- Domains: This is the highest view of the exam and is separated into three areas, (people, process, business environment). Before the PMP Exam changes there were 5 domains listed (initiate, plan, execute, monitor, control, close).
- The Tasks: The tasks beneath these domains discuss the specific responsibilities that applicants will need to understand and show competence in.
- Enablers: Enablers is a new term that shows how the work connects to the task. These are not a complete list, rather some examples to support your understanding of the task.
The Content Crossover Map and How This Involves the 2021 New PMP Exam
The Project Management Institute released a content crossover map to support candidates in discovering and understanding how the PMP Exam content areas have changed.
This helps both candidates and training providers understand what exactly is new, what can still be used as well as what no longer applies in the newest PMP Exam. It is important that candidates take advantage of this document to see what areas they may need to practice, study or review before taking on the newest PMP exam.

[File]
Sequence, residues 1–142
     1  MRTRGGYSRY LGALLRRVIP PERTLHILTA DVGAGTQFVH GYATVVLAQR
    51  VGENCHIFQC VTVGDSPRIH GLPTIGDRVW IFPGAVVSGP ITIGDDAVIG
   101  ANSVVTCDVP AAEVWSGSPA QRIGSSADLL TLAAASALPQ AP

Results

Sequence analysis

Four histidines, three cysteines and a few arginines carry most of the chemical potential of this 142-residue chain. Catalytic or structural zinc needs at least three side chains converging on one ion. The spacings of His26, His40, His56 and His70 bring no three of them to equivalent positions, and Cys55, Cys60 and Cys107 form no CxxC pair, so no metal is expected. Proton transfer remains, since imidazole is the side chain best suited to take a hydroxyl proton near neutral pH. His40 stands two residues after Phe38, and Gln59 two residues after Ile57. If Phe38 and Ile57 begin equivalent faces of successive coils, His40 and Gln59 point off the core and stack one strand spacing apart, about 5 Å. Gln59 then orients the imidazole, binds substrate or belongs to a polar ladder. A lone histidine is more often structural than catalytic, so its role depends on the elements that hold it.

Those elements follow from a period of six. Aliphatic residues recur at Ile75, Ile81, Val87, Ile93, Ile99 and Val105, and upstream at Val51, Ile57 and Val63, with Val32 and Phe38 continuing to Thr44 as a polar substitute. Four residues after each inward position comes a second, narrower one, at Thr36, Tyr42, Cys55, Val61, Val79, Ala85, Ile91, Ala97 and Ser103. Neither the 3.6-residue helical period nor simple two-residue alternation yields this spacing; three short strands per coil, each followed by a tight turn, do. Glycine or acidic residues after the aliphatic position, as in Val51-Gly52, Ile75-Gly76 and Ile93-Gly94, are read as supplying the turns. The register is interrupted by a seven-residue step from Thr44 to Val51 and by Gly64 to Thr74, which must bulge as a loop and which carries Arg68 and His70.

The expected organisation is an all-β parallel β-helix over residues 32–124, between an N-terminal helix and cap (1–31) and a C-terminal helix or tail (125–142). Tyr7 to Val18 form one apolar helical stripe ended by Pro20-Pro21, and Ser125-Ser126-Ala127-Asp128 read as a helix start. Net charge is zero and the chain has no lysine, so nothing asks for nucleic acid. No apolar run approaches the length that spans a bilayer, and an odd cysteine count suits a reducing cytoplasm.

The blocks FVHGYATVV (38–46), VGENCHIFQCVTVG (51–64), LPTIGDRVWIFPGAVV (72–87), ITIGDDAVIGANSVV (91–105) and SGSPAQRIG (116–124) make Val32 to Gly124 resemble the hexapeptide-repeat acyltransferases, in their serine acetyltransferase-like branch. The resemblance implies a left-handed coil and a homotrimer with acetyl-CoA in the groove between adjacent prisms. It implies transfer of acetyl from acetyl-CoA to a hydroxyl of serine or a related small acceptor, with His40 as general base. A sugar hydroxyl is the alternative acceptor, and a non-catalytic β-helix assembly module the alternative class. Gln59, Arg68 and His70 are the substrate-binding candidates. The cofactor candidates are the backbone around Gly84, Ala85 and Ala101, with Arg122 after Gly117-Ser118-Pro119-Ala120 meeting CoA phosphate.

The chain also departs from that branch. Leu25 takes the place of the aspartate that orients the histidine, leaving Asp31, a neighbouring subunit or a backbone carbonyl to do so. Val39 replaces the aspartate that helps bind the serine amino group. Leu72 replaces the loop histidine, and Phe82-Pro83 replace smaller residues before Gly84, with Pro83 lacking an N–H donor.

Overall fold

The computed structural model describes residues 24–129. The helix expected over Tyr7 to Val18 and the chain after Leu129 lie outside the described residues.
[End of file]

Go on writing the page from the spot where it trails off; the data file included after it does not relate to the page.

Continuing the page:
PMP Exam Content: How do the new domains reflect the 2015 Exam Content?
As mentioned, the five domains have been refined into three, which has resulted in a complete reorganization of the exam. However, there are certain areas that connect and can be reused. For example:
The process domain should be fairly familiar to anybody that has taken a previous test or worked with the 2015 version. Half of the exam is based around processes, therefore it is important for a candidate to stay ahead of modern systems, but a lot of content already exists for this domain.
The people domain however is completely new, and with it filtering across 42% of the exam it is a very important domain to study. Note: The questions based around this domain are not in a cluster, they exist throughout the exam.
Additionally, the business environments domain also is a new system and so it is important to ensure candidates have studied adequate content to make sure they are familiar with this part of the exam.
Finally, the enablers are another new variable to consider for candidates when taking the new PMP Exam.
Below is a full list of the new enablers:
- Value servant leadership (e.g., relate the tenets of servant leadership to the team)